I Vote, You Vote... And Them?

Overcoming legal and practical barriers to enable disabled voters to actively participate in social and political life.
Rodolfo Cattani

European citizens with disabilities do not have full voting rights in the 2019 European elections. Several barriers limit the exercise of this fundamental right. The new European Parliament will have to commit itself to eliminate this injustice.


From a forthcoming research led by the European Economic and Social Committee and a report produced by the European Blind Union (EBU) emerges a worrying picture about the participation of citizens with disabilities in public and political life in the European Union. In many EU Member States, there are laws or administrative provisions that exclude voters with disabilities from participating in European Parliament elections. Around 500,000 citizens from 16 Member States have been deprived of voting rights because of a physical or sensory disability or mental health problems. The most obvious form of exclusion is the impossibility for a disabled person to access the polling station, a strong signal of denial of the right to participate in political life. This occurs in as many as 12 States, where the law does not allow changing the electoral polling station to which the elector is assigned based on residence with another, more suited to the needs of the person with disability. In other countries the participation of persons with disabilities is hampered by a series of limitations within the polling station itself. In eight States anyone who is not able to go to the polling station cannot vote, as there is no alternative way of voting (postal voting, voting with mobile ballot box or electronic voting). Three of these States offer the possibility of voting by proxy, a solution that cannot be considered a valid alternative as the voter with disabilities cannot directly exercise their right to vote.


Poster for the disability movementIn 18 Member States, it is not possible for visually impaired voters to vote independently as they only have the possibility of having the help of someone who will assist them in the voting exercise. In one State such assistance can only be provided by a member of the electoral commission. Another factor that prevents persons with disabilities from voting independently is the inefficient regulations or organizational provisions, such as the absence of information in order to answer their different needs: obstacles to their mobility or complexity of administrative procedures setting correct voting procedures.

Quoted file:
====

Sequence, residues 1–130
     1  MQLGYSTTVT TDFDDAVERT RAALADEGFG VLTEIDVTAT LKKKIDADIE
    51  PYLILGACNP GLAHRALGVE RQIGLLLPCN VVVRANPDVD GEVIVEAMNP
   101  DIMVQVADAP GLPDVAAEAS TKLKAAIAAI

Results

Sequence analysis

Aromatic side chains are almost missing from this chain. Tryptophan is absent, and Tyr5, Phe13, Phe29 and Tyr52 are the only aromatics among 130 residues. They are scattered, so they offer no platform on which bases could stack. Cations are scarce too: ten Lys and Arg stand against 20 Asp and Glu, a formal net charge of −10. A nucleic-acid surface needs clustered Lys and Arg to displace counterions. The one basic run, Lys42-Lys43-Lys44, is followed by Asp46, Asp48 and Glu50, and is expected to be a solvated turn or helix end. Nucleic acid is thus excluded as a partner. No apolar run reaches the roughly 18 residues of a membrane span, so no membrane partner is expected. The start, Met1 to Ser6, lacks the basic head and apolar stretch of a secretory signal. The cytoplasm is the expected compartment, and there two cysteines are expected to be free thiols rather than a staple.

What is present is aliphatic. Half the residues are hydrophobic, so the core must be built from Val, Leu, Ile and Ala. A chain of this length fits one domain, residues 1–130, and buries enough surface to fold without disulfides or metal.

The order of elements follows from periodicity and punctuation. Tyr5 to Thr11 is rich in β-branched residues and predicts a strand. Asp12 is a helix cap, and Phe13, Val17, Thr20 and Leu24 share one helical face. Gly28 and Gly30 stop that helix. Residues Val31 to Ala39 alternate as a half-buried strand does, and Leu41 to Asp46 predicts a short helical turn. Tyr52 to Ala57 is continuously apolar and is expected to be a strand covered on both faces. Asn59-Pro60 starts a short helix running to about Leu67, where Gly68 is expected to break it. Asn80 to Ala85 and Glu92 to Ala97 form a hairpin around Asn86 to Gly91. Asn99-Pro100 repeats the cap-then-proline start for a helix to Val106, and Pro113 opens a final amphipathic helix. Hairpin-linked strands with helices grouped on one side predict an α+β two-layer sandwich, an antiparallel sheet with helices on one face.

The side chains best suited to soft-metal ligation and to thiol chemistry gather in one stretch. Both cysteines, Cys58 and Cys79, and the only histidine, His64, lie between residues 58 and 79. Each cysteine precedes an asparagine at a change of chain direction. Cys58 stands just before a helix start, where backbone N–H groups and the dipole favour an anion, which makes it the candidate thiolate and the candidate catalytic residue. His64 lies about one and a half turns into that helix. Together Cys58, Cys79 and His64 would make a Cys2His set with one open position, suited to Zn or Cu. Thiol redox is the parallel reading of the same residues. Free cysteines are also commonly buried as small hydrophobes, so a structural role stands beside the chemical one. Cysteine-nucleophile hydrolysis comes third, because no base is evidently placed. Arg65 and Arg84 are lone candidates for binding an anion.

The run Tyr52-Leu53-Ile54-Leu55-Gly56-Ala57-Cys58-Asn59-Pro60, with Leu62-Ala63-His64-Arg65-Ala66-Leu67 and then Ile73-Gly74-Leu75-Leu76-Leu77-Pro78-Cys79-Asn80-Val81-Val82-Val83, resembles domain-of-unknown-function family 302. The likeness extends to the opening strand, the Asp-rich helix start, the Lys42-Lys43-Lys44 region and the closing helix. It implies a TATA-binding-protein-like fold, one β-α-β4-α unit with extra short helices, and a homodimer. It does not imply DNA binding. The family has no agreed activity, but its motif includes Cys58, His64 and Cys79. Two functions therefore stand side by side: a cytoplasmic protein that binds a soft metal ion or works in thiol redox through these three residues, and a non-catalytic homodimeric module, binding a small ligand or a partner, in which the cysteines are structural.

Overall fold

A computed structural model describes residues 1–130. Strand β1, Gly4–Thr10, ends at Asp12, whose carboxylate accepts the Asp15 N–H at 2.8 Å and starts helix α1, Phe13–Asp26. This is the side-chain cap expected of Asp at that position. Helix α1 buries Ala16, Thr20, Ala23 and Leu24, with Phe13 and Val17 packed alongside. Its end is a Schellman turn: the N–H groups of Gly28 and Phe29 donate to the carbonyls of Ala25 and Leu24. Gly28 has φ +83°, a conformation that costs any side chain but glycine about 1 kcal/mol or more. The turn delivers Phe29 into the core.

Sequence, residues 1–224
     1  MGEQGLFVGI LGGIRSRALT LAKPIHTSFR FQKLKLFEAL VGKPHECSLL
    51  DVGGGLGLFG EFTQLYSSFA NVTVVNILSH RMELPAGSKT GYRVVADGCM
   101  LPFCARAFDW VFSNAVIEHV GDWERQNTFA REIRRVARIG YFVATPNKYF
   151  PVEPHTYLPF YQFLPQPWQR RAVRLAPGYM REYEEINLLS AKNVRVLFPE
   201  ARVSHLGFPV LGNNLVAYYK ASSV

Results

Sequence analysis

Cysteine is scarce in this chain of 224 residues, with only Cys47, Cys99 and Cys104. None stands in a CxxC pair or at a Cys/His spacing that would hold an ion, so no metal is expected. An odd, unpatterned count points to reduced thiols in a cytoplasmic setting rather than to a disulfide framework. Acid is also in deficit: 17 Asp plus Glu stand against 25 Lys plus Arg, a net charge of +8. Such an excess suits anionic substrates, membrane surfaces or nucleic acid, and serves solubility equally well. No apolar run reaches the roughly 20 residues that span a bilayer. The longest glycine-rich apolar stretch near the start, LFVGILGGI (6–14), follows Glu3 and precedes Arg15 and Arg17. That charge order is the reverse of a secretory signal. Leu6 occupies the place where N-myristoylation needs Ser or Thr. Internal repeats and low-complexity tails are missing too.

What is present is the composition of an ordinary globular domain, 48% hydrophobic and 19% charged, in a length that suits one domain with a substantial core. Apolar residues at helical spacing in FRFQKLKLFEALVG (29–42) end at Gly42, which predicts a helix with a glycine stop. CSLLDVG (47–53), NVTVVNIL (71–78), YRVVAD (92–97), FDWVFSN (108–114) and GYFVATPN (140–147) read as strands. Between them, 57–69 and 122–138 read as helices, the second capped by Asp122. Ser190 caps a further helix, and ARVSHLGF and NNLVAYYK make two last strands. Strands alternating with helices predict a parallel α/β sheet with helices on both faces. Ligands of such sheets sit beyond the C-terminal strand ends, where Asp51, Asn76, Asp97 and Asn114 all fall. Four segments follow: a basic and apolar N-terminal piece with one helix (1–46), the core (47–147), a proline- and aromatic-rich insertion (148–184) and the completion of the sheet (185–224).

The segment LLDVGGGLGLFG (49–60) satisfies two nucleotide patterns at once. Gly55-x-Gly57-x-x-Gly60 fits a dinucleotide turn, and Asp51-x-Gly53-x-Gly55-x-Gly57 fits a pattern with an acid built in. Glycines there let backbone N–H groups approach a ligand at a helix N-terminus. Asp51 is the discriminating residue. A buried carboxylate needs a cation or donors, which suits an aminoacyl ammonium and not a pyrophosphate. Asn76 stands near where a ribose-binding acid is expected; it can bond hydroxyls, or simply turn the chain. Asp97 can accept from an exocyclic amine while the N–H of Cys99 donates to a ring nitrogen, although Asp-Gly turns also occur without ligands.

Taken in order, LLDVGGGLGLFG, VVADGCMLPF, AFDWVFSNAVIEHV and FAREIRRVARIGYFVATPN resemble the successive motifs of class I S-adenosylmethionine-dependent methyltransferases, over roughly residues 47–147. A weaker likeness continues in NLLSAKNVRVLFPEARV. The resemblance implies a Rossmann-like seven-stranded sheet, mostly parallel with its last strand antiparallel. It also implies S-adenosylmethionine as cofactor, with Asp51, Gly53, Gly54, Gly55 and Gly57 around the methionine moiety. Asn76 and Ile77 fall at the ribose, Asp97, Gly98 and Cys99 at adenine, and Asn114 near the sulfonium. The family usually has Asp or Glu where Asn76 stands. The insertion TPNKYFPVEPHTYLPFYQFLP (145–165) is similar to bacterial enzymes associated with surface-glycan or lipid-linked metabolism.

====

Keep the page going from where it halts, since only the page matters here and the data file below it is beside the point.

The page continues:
Current EU legislation deals with some aspects of parliamentary elections and there are no formal obstacles because it is expressed in relation to voting options for disabled people. We can now say that the newly elected Parliament will have to adopt a formal legislative initiative and that it will be subsequently implemented by all Member States.


International and community legal rights

The right to vote for the election of the European Parliament is guaranteed to persons with disabilities by Article 21 of the Universal Declaration of Human Rights, adopted by the UN on December 10, 1947, stated in particular in section 25 of the International Convention on Civil and Political Rights, adopted by the UN on December 16, 1966, and, more specifically, in section 29 of the United Nations Convention on the Rights of Persons with Disabilities, adopted by the UN General Assembly in December 2006 and entered into force on March 3, 2008.


Section 29 explicitly obliges States Parties to the Convention that disabled people can participate effectively and fully in public and political life on an equal basis and also lists a series of measures allowing people to exercise their right. Sections 9 and 12 of the Convention, which sanction respectively the right of disabled people to accessibility in the broad sense and the equal recognition before the law to have full legal capacity in public and political life.